Forgetting History

History is ugly! If one looks closely at each and every age and time, you will find things that are abhorrent to today’s society and understanding of what should be. Yet, if we fail to look back at those previous times and events, we are unlikely to learn from them or appreciate the lives of our forebears. That is a sad commentary on what is happening in today’s society. A society that claims to be superior to previous generations yet illiterate as to the facts of other eras. The events of the last several weeks reflect that.

It started with those who protested the death of George Floyd in Minneapolis at the hand of a police officer. That death has led to the vandalism, destruction, official removal of statues of those who fought for the South in the Civil War. We can disagree about where such statues are located or even if they should be on public display at all, but we should be careful about believing that their removal will change history. According to some, the existence of these statues is condoning everything that person said and did in their lives, as if their lives had no redeeming value.

A greater issue is this: Can eliminating them heal the evils of a different place and time? Does their mere existence indicate that we would ever return to the evils of the past?

When the Isis took over much of Syria, they destroyed the Buddhist statues that had been built over 2000 years ago. Interestingly, their existence did not prevent the Islamic faith from becoming the predominate faith of that entire region. Likewise, in this country, statues of another age will not change our future, standing or removed. Their removal, however, might well take away a flicker of interest among young people about learning from those who preceded us on this earth. Clearly that learning is needed!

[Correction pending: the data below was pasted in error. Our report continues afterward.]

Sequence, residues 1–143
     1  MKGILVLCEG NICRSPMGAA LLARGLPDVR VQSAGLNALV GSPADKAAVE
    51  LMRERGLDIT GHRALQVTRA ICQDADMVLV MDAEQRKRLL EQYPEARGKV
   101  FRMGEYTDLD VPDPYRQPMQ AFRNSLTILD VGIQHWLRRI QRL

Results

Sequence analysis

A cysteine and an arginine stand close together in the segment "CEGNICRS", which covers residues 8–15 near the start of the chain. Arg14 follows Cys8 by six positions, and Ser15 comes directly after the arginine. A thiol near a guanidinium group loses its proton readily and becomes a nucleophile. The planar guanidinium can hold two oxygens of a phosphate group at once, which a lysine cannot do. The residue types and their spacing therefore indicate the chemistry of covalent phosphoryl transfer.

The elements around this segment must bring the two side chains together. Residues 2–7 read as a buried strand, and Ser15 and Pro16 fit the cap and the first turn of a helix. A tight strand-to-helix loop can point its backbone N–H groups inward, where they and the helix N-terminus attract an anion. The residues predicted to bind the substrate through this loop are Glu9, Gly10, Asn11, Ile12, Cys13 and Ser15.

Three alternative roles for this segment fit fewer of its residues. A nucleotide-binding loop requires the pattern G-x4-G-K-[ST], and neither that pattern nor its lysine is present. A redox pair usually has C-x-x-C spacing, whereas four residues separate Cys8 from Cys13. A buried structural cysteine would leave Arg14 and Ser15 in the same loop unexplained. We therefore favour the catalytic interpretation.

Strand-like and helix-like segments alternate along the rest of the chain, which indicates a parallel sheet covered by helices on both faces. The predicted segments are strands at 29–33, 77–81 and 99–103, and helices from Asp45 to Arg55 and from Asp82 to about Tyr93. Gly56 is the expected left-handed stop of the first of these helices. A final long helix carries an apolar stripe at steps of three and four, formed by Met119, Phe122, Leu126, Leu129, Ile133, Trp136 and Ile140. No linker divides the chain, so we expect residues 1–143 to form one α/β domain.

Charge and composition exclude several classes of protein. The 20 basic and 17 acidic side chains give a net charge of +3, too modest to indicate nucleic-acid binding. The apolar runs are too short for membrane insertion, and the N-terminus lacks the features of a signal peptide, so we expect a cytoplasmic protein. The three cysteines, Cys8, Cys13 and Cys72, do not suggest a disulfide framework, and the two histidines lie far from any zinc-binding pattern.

The anarchists that have been let loose on our streets across the country have not stopped with tearing down Confederate memorials. In Richmond, Columbus, Ohio, Boston, Massachusetts, and St Paul, Minnesota statues of Christopher Columbus have been destroyed. In other cities they have been vandalized. In still other cities with weak mayors or governors, those and other statues have been removed rather than protected.

Vandals have defaced the statues of Arthur Ashe, Francis Scott Key, Oliver Hill, Ulysses S. Grant, as well as a Polish officer who fought beside us during the Revolutionary War. There can be only two possible reasons for this. One is that they are so poorly educated that they have no idea who these people were. The second, and more likely, is that they are simply focused on creating anarchy, trying to create hate and distrust among Americans. We all must do all we can to not fall into their tit for tat game. That which may be in vogue today may well be the target for tomorrow.

We should all focus, not on the past, but rather how can we build on a stronger future. One in which all are respected for their unique skills and personalities. As Martin Luther King stated in his I Have A Dream speech “judge not by the color of their skin but by the content of their character”. That is the responsibility for each of us today as much as it was when King delivered that speech.

At all times we must not only encourage that way of thinking, but, at the same time, push all young people to be the best people they can. When the demonstrations and protest began, there were people of all races. Yet when the Molotov cocktails were being thrown it was young Caucasians that were caught on camera, as they were destroying or trying to destroy public property and businesses. Many of those small businesses were owned by minorities. Their hopes, dreams, and livelihood destroyed by those who lacked the needed “content of character” that is so very important in a civilized society. A society that respects hard work. A society that respects the rights of others. A society that looks at police brutality with disdain; the same disdain they have for those who would attack police officers.

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